I had made the usual preparations of the nervous sailor, and filled my boat with all manner of provisions and spares. The sight of Lorema’s waterline was a distant memory. Among tonnes of food and water, I was also carrying all the other necessary junk of a cruising boat: a pair of speakers; a circular saw; a library of novels; a good few boxes of wine; several unreasonably large pieces of timber; and – of course – an old French racing bicycle. I had hauled myself aloft more times than I could count, emptied the local hardware store, phoned my parents and, finally, I was ready to depart.
I sculled out of my berth in Las Palmas, waving goodbye to friendly neighbours. My sails went up quickly, and I did a little lap of the anchorage before heading out of the harbour. As I weaved my way through the anchored container ships outside the port, the flukey inshore winds strengthened and the sheltered waters gave way to a moderate swell.
With two reefs in, I was propelled haphazardly through the wind acceleration zone that lies south-east of Gran Canaria, like a cork from a champagne bottle. And truly, I felt as insignificant as a cork, as the island disappeared and the unimaginable expanse of the Atlantic grew before me.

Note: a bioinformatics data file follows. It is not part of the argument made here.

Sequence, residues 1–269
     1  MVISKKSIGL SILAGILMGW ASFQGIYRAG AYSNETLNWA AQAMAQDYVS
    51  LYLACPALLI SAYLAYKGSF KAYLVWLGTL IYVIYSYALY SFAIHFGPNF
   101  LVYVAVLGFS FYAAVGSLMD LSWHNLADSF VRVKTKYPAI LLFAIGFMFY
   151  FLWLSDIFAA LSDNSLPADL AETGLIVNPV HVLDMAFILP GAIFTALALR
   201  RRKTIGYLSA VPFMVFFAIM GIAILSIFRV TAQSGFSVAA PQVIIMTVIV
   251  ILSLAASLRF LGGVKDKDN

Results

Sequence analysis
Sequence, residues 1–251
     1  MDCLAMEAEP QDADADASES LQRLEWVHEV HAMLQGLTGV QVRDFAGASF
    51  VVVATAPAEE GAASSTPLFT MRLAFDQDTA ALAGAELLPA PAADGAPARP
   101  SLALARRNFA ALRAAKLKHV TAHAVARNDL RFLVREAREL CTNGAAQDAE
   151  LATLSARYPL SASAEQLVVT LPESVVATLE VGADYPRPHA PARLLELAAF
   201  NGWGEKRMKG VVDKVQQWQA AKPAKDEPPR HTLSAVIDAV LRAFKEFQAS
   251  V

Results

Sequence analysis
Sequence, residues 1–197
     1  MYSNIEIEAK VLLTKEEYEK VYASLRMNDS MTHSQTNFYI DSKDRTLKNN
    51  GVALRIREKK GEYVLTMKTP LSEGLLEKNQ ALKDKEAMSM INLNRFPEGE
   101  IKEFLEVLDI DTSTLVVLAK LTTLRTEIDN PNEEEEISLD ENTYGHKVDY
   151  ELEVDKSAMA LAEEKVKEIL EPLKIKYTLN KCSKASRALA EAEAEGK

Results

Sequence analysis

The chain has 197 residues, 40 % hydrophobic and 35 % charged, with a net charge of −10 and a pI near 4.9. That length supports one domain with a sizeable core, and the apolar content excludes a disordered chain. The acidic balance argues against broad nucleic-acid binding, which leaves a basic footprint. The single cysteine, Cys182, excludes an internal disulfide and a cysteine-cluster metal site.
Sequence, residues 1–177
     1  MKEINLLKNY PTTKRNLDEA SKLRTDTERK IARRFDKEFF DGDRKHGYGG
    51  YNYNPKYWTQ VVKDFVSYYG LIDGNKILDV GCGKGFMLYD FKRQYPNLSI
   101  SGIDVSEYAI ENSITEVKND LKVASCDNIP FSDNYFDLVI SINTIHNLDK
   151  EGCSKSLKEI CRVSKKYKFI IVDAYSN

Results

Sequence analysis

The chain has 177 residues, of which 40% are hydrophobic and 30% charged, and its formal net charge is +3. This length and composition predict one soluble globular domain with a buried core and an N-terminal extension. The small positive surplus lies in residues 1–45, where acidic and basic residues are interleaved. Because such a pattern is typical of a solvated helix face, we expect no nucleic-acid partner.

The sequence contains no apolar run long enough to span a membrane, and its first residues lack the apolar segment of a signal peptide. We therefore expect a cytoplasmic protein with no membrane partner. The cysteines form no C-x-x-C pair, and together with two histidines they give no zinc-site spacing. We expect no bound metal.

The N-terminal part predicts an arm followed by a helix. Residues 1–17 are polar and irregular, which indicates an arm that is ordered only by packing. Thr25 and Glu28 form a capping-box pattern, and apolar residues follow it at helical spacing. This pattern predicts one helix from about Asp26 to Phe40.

I didn’t get a great deal of sleep that first night, what with the shipping and the excitement of departure, but I managed a few minutes here and there. When sailing near shipping lanes or in coastal waters, I allow myself 20 minutes at a time if I have an empty horizon. In theory, this should be less time than it would take a fast ship on a collision course to rise over the horizon and run me over. The snooze button is a temptation that has to be fought religiously.